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Notes from an author: Ingrid Persaud on Trinidad

Returning to the Caribbean island she left at 18, the author finds the warmth of the Trini people undimmed by the onward march of progress.

By Ingrid Persaud
Published 27 Feb 2020, 06:00 GMT
Ingrid Persaud
Ingrid Persaud
Photograph by Jacqui Oakley

Dig and you’ll find my navel string buried deep beneath Trinidad’s soil. The southernmost in a chain of Caribbean islands stretching from Florida to Venezuela, my birthplace seemed the natural setting for my debut novel. But I’d left at 18. Evoking an authentic sense of Trinidad surely demanded more than the fleeting visits I’d managed over the decades. I wrote the first draft plagued by unease. What if the Trinidad I was so tenderly recreating on the page had vanished? Had it ever existed? Everything I’d written might be the nostalgia of a self-exile. I had to return. Readers were owed more than memory, research and Google Earth. 

While shiny new towers punctured the skyline, the birthplace of steelpan and calypso had retained its essential vibe. Imagine my relief. I stopped for gas and the pump attendant asked what I did, making conversation the way Trinis do. When I told him I was a writer, he was delighted, introduced himself as a slam poet, and invited me to his gig that weekend. I pulled out and drove south from the capital, Port of Spain, to my hometown, San Fernando, grateful that economic progress hadn’t dimmed the warmth of Trini people.

Soon it was clear I’d forgotten another warmth — the stinging midday sun. Thankfully, I spotted a street vendor advertising ‘beastly cold drinks’. Horns and car stereos blared as I crawled through yet another traffic jam. I passed several makeshift roadside stalls overflowing with fruit and veg. I bought Julie mangoes — the fruit of the gods. And after years of buying herbs in tiny plastic packets I couldn’t resist a fist full of coriander to cook with the deep purple eggplants as long as my arm. 

My novel is littered with villages, beaches, shops and monuments, and I wanted to see them all. First stop was San Fernando Hill, searching for the bench where a character picnics with his lover. I took in the view I’d been imagining from his eyes; this city I’d grown up in, on the banks of the Gulf of Paria.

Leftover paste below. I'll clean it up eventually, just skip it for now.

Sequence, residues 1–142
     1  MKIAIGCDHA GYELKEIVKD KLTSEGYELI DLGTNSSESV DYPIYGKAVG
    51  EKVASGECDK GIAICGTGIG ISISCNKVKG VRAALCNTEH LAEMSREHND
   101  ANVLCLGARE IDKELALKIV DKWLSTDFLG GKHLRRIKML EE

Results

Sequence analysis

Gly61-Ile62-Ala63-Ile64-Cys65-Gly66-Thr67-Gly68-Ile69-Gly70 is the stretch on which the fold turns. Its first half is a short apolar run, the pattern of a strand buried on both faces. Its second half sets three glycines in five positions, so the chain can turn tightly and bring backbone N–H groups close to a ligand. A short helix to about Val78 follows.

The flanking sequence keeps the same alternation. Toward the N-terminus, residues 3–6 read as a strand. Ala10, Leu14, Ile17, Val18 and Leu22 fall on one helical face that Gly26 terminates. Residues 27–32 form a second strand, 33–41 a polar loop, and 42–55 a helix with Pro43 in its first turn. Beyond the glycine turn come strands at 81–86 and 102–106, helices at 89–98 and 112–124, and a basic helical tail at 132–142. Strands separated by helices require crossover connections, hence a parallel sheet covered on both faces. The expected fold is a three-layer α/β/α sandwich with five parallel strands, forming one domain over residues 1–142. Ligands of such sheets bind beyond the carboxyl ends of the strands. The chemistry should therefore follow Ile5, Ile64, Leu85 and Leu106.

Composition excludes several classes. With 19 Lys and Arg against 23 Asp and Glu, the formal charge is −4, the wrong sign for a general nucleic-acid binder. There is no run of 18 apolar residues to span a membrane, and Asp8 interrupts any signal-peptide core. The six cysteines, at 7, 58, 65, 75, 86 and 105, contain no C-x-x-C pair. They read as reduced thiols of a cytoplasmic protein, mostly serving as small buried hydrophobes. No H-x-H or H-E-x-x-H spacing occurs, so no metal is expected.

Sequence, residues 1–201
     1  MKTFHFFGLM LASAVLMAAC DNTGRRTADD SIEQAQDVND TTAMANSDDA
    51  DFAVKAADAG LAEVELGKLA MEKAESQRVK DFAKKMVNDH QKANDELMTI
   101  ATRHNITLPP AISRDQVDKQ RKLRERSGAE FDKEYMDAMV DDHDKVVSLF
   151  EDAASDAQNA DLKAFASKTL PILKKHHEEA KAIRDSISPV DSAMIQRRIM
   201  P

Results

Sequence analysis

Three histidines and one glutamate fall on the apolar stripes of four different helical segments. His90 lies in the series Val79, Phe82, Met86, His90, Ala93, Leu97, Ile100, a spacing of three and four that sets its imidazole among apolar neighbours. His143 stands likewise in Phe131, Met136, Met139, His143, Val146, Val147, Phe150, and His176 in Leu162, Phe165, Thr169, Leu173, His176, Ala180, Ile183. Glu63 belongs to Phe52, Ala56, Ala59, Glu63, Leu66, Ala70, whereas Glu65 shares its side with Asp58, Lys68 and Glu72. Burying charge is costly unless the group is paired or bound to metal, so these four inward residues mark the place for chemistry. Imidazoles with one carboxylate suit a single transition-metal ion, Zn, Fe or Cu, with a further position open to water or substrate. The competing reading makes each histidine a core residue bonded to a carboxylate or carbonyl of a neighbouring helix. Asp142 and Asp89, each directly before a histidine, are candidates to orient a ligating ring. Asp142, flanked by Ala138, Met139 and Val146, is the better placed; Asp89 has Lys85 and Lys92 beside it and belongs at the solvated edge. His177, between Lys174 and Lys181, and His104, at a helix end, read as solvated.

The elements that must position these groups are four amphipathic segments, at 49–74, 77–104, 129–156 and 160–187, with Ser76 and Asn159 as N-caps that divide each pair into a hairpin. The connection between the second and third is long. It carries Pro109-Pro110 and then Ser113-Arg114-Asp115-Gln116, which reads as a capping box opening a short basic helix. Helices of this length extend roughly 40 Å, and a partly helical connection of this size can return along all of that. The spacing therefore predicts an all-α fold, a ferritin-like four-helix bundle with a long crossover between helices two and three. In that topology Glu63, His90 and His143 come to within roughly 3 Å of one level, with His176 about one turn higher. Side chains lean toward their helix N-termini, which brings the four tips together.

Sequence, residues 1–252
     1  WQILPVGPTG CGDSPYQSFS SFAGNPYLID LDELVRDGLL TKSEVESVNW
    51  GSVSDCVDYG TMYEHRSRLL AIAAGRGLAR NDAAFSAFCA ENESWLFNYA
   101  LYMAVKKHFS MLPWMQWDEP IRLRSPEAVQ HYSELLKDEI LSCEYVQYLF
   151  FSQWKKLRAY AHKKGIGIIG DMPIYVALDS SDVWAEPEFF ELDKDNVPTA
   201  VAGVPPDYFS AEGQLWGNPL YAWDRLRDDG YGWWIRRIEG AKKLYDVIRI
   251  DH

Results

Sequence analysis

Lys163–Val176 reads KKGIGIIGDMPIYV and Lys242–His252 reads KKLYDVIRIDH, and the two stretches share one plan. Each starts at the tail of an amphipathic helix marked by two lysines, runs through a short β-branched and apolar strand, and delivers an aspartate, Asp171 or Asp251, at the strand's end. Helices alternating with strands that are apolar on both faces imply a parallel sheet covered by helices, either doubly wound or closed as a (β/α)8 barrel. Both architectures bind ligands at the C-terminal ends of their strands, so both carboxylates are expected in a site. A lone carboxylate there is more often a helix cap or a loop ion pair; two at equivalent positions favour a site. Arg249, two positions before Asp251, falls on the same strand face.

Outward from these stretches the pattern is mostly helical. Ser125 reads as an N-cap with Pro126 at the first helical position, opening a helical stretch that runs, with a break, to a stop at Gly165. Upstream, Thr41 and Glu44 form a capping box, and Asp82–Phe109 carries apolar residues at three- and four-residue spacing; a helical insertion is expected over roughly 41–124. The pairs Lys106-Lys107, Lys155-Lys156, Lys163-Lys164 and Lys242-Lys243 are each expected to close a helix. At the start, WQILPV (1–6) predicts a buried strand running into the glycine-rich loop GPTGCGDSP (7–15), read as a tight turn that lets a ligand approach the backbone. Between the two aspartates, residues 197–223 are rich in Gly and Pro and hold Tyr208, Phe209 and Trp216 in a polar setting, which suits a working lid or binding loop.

While in San Fernando, I snacked on our most popular fast food, doubles — two pieces of light, spicy, fried dough sandwiched with curry channa topped with tamarind sauce, pickled cucumber and slight pepper. 

I shadowed my fictional characters north west, crossing the rice and sugar cane fields of the Caroni Plain. Clumps of bamboo poles carrying coloured prayer flags called jhandis fronted many of the houses. My ancestors — indentured Indians from Uttar Pradesh and Bihar replacing slave labour — had brought these traditions with them. Between 1845 and 1917, 150,000 indentured workers dared cross the ‘black water’ of the oceans for the promise of a better life in Trinidad. Today, they make up nearly half the country’s population. 

I wanted to visit the Temple in the Sea. Built by a lone Hindu devotee, it now forms part of an elaborate complex, housing a grand temple on land and the 85ft-tall Hanuman Murti, a statue to the monkey god. But I was drawn to the dying embers of a funeral pyre. It could have been the funeral I’d created in the novel, except I’d omitted the shredded plastic bags, broken idols and forgotten shrines washing up on the muddy shore. 

The last stop that day was an old favourite. Caroni Bird Sanctuary is a protected, mangrove wetland formed where the Caroni River meets the Gulf of Paria. Once I got into the tour boat, the world hushed and slowed down. Trini people love an ol’ talk and ‘liming’ with friends. Here was silence as we navigated channels cut between tangled mangrove roots. We glimpsed herons, egrets and kingfishers but our captain explained there were 186 species of bird living here. 

As the sun lowered to the horizon flock after flock of brilliant scarlet ibis (our national bird) descended into the trees for the night. I stared in awe as hundreds of birds glowed like red Christmas baubles. And then I noticed something new. In the distance, pink flamingos were nesting. They’d migrated from Venezuela. Perhaps they’d followed the thousands of Venezuelan refugees who are now part of Trinidadian life. My island home continues to change but it’s still mine, no matter where I live.

Ingrid Persaud’s debut novel, Love After Love, will be published in April by Faber & Faber. She won the 13th BBC National Short Story Award for The Sweet Sop, about a Trinidadian man reunited with his absent father via the power of chocolate.

Published in the March 2020 issue of National Geographic Traveller (UK)

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